When the Panamanian land bridge formed around 3 million years ago, Southern Mexico was in the middle of a great biotic interchange of large animals from North and South America that crossed the continents in both directions. (2017-08-24)

Geological change confirmed as factor behind extensive diversity in tropical rainforests
The tropical rainforests of Central and South America are home to the largest diversity of plants on this planet. In a project undertaken by Johannes Gutenberg University Mainz (JGU) in collaboration with Dutch research institutions, the causes of this plant diversity were investigated by studying two closely related groups of trees of the Annonaceae family. (2018-02-26)

Next-gen steel under the microscope
Next-generation steel and metal alloys are a step closer to reality, thanks to an international research project involving a University of Queensland scientist. The work could overcome the problem of hydrogen alloy embrittlement that has led to catastrophic failures in major engineering and building projects. (2017-03-16)

When music makes male faces more attractive
Women rate photographs of male faces more attractive and are more likely to date the men pictured when they have previously heard music. Moreover, highly arousing music led to the largest effect on sexual attraction. A team of psychologists led by Manuela Marin (University of Innsbruck) and Helmut Leder (University of Vienna) explains the significance of this finding in relation to the origins of music in their latest publication in the scientific journal PLOS ONE. (2017-09-13)

Gravity research smooths car rides, creates jobs
Today's cars ride so smoothly that if you feel vibration you know something's amiss. That's because of extensive technology that automobile manufacturers use to cushion every pothole drivers are apt to encounter. Future rides should be even smoother, thanks to the contributions of Mark Bocko, an electrical engineer at the University of Rochester. (2000-02-21)

After 60 years, Isle Royale continues world's longest predator-prey study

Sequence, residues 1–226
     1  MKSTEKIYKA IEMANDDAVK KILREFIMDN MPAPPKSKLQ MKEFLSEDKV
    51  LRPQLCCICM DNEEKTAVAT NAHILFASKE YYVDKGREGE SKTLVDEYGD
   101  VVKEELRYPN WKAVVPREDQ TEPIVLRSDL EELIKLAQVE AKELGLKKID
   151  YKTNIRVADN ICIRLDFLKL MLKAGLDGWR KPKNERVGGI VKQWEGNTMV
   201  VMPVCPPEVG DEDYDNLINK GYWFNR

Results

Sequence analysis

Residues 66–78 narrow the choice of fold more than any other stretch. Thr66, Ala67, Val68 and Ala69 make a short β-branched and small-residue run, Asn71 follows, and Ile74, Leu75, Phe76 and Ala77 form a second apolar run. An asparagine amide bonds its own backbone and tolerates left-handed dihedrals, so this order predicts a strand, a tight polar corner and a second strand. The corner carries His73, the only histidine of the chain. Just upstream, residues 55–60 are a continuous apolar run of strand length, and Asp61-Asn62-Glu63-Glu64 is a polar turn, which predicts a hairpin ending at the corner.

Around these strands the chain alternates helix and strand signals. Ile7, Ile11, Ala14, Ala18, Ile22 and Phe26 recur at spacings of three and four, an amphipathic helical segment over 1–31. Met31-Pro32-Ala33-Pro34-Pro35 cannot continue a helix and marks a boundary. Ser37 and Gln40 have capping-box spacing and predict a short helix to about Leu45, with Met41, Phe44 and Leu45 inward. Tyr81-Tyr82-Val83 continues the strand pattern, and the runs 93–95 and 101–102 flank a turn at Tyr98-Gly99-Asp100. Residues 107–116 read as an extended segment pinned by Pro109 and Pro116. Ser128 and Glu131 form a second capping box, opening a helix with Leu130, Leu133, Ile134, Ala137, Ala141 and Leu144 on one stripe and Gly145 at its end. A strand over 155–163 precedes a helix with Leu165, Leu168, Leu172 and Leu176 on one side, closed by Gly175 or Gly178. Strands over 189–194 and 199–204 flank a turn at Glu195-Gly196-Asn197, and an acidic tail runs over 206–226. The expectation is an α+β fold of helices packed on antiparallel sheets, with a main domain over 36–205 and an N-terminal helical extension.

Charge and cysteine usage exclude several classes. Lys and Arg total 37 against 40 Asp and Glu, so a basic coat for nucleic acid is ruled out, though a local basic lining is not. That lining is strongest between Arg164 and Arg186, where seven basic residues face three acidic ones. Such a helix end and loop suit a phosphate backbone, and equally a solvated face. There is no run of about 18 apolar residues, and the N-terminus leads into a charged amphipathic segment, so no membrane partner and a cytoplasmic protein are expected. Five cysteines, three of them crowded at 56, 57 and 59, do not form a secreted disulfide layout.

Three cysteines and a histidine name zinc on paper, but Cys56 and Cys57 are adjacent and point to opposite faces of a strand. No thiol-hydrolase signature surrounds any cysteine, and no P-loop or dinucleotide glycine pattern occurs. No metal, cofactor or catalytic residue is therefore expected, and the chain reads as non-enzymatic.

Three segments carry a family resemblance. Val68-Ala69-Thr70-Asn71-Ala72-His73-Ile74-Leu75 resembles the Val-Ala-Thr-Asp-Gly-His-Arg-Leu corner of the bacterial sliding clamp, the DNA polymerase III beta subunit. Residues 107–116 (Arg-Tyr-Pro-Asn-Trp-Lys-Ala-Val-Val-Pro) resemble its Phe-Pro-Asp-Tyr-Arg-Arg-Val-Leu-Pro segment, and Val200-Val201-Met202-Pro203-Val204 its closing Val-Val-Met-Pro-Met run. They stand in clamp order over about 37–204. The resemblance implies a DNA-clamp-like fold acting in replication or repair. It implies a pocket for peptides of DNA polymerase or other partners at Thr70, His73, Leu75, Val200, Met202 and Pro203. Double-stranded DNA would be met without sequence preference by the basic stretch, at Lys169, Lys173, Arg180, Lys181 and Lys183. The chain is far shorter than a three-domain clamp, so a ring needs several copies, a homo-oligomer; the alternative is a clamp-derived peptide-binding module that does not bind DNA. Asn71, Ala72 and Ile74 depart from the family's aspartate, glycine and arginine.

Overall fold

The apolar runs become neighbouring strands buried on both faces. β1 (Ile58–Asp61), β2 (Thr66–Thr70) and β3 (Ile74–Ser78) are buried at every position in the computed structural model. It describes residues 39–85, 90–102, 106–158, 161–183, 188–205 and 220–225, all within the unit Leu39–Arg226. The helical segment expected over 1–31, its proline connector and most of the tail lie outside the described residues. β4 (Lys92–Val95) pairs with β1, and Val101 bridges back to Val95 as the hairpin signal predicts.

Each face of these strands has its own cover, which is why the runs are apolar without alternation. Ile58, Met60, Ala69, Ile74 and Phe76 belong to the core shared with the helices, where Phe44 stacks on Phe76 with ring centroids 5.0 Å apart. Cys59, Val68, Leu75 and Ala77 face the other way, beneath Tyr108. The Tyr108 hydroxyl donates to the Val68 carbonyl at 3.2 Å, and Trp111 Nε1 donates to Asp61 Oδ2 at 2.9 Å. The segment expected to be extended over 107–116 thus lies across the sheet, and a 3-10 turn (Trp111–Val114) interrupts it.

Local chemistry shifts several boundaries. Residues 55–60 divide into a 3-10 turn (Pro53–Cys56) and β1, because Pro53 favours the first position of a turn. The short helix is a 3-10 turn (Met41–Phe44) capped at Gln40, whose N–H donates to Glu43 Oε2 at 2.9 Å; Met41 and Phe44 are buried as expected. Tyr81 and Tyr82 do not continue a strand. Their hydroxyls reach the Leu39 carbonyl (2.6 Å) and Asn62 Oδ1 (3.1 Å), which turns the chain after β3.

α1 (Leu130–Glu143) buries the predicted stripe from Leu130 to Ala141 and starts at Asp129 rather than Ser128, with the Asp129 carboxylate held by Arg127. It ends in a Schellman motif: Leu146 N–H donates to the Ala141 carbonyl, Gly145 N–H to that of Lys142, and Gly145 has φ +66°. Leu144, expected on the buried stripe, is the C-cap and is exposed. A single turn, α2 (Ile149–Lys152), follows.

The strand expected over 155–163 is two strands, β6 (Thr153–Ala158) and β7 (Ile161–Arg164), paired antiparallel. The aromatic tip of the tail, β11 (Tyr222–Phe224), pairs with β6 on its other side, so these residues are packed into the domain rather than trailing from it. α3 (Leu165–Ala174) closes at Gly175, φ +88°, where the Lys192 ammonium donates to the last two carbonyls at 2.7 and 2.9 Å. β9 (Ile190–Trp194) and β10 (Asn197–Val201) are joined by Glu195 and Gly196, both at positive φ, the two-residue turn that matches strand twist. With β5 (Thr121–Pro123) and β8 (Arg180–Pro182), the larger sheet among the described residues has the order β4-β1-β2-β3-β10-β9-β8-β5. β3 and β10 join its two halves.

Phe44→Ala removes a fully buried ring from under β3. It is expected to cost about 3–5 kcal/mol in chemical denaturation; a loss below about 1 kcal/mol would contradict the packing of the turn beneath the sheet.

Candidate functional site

The 2018 report is out: two wolves, almost 1,500 moose and an ecosystem in transition. In its 60th year, the research conducted at Isle Royale National Park is the longest running predator-prey study of its kind. (2018-05-17)

Got a coastal bridge to retrofit? There's an optimal approach for that
Life-cycle engineering pioneer Prof. Dan Frangopol and former PhD student Alysson Mondoro's research incorporates -- for the first time -- the three most common failure modes for bridges vulnerable to floods, hurricanes and tsunamis into a risk assessment framework to optimize retrofitting strategies. (2018-02-07)

Insect antibiotic provides new way to eliminate bacteria
An antibiotic called thanatin attacks the way the outer membrane of Gram-negative bacteria is built. Researchers at the University of Zurich have now found out that this happens through a previously unknown mechanism. Thanatin, produced naturally by the spined soldier bug, can therefore be used to develop new classes of antibiotics. (2018-11-15)

Colombia peace deal brings new threat to country's rainforest
The historic peace treaty in Colombia which brought an end to half a century of violence has led to mass deforestation. Once FARC soldiers were disarmed, it led to a vacuum of power which is being exploited by large landowners who are now deforesting the area at an alarming rate to make way for farms and for the illegal growth of coca crops. An ecologically significant region of Colombia, is now at risk of disappearing. (2018-07-19)

Orangutans unique in movement through tree tops
Scientists at the Universities of Liverpool and Birmingham have found that orangutans move through the canopy of tropical forests in a completely different way to all other tree-dwelling primates. (2009-07-27)

Age-related racial disparity in suicide rates among US youth
Researchers investigated race-related differences in suicide rates in US youth. The researchers analyzed data separately for children ages 5-12 and adolescents ages 13-17. The suicide rate was roughly two times higher for black children compared with white children of the same age group. In contrast, the suicide rate for black adolescents was half that of white adolescents. The findings suggest the need for more research into contributing factors and targeted interventions for children. (2018-05-21)

How the Arctic Ocean became saline
The Arctic Ocean was once a gigantic freshwater lake. Only after the land bridge between Greenland and Scotland had submerged far enough did vast quantities of salt water pour in from the Atlantic. (2017-06-06)

How machine learning helped Surrey develop a new algorithm that could add life to bridges
A new algorithm developed by the University of Surrey could help structural engineers better monitor the health of bridges and alert them to when they need repair faster. (2018-04-16)

Lithium-oxygen battery technology charges ahead
A new report overcomes hurdles related to the electrochemistry underlying the lithium-oxygen battery, making it a little more likely this high-powered battery could be broadly adopted in years ahead. (2018-08-23)